The workplace should serve as a ‘safe space’ for all workers reeling from devastation
In the wake of the terrorist shootings that targeted the Muslim community of Christchurch – as New Zealand lives through ‘one of its darkest days’ – people find their strongest refuge is in each other.
Tragedy, no matter the scale, creates a ripple effect in the community. In a time of crisis, organisations have a responsibility to create a ‘safe space’ at work as people try to make sense of their ordeal.
‘All staff need to be supported’
The Health and Safety at Work Act 2015 requires employers to provide a safe workplace for all people working for them or on their premises. A safe workplace ensures both the physical and psychological wellbeing of staff.
Amid the pressures of work, employees remain vulnerable to the shock and grief experienced by their community. Even as many of us soldier on, others may be quietly sending a distress signal. When this cry for help is ignored, such grief can begin to affect their outlook, mood, behaviour, and quality of life and work.
“All staff need to be supported, whether they are directly affected, i.e. wounded, or have family or friends who were killed or harmed; or indirectly suffering distress as a result of the terrible events in Christchurch,” said Steph Dyhrberg, a partner at Dyhrberg Drayton Employment Law.
Dyhrberg, who serves as chairperson of Employment Law Wellington 2019, believes Employee Assistance Programs (EAP) and additional time off should be easily available to anyone, especially those directly affected by tragedy.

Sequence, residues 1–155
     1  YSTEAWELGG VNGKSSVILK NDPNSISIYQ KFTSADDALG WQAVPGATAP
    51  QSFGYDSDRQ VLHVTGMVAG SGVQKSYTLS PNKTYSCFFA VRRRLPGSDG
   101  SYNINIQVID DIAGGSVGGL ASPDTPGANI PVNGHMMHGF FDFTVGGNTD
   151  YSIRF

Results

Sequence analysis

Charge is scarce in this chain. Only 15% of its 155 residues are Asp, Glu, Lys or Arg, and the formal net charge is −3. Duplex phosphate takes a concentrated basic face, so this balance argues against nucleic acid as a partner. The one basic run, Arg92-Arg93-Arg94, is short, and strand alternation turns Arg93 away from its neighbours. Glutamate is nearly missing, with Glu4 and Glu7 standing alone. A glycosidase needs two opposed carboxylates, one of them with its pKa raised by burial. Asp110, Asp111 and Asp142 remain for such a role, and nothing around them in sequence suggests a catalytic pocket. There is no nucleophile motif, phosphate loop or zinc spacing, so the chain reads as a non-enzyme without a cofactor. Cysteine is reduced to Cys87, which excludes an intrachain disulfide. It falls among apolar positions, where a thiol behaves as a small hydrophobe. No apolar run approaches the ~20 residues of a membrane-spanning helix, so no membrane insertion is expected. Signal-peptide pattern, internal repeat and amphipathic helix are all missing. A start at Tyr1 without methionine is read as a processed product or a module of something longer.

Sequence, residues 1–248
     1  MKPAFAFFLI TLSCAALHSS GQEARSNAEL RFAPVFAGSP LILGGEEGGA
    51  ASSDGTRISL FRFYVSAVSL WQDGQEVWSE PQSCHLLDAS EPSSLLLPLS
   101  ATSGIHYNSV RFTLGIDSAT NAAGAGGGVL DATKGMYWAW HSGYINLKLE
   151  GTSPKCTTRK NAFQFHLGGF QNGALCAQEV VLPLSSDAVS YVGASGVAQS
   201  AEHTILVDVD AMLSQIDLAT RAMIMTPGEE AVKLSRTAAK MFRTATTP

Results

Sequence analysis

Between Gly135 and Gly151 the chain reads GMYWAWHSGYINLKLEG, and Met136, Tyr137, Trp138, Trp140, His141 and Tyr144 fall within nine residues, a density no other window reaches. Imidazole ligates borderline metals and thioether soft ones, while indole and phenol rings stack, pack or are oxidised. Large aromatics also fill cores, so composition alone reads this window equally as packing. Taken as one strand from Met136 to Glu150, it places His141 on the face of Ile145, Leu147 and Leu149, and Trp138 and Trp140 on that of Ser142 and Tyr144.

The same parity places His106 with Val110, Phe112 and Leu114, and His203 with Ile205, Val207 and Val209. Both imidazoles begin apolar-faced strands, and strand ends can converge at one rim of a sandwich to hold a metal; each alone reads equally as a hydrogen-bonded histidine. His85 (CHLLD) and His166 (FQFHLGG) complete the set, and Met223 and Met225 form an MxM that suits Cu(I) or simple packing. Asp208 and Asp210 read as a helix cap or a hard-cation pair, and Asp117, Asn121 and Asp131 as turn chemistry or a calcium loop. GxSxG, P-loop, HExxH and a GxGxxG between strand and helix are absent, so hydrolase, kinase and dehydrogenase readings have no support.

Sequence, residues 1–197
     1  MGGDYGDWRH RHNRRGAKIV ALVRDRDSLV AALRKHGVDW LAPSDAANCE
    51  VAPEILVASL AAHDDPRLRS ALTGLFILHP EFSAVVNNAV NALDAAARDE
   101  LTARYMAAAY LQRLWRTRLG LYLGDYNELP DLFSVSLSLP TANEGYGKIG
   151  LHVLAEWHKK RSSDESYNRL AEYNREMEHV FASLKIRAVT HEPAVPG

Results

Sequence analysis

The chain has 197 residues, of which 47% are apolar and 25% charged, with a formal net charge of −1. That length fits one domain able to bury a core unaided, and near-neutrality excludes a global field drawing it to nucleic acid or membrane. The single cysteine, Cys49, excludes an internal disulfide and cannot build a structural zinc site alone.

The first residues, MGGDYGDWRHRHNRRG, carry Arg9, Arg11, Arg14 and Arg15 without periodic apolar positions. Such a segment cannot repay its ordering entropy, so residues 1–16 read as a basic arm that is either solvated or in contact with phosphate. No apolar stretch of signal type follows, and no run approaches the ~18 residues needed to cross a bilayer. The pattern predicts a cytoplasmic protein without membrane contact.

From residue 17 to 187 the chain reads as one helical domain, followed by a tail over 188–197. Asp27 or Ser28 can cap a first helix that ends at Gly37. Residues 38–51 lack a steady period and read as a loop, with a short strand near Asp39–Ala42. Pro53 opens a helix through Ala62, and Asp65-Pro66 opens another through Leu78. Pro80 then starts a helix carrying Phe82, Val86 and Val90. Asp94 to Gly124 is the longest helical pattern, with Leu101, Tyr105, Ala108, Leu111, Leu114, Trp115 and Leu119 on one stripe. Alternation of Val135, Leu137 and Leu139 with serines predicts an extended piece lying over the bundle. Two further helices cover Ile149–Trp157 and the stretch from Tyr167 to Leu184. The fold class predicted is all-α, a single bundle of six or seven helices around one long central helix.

Employers, she said, should designate a special coordinator, either from HR or Legal, who will help survivors and their families avail of government assistance; apply for grants from fundraising campaigns; or secure referrals to lawyers who can help with legal battles arising from the event.
Shaun Brookes, a senior associate at Buddle Findlay, reminds employers that they have a duty under the Employment Relations Act 2000 to be communicative and responsive.
“Employers should recognise that their workers will react differently to these types of events. Engaging with workers to understand how they are coping and whether they require extra support will be important,” Brookes said.
“Even if the employer does not pay for counselling for its workers, it could help identify the appropriate services and give the employee the time to engage with those services.”
“Allowing employees to use sick leave may also be appropriate in some instances,” he added.
Brookes also recommends helping employees access free helplines and services available for victims of crime, as well as mental health services that employers can direct workers to.
Zero tolerance for bigotry
Apart from providing support services, managers should also be prepared to answer difficult questions from staff. “Be open to caring but difficult conversations,” Dyhrberg said, encouraging leaders to foster a culture of kindness and tolerance even when “nerves will be raw”.
But while managers promote open and honest conversations, they should lay down the rules for everyone. “Have no tolerance for racism,” she said.
In the context of the mosque shootings, “Ask Muslim employees how they would like people to talk with them or what support they would appreciate,” Dyhrberg said. “Don’t make assumptions.”
Some workers might not need any additional support or changes. Others, however, will be more affected by a tragedy, Brookes advised.
“For those employees more affected,” he said, “employers should be flexible and engage with them to identify ways that they can provide support.”
Organisations can also set up a charity, volunteer or solidarity program for employees who want to help the victims, families and Muslim community. “If people want to attend vigils at mosques to show their support, be encouraging of that,” Dyhrberg said.
Knowledge of employment law is vital to effective leadership. Employment Law Wellington 2019 is designed for HR and business leaders who want to gain a deeper understanding of legal issues.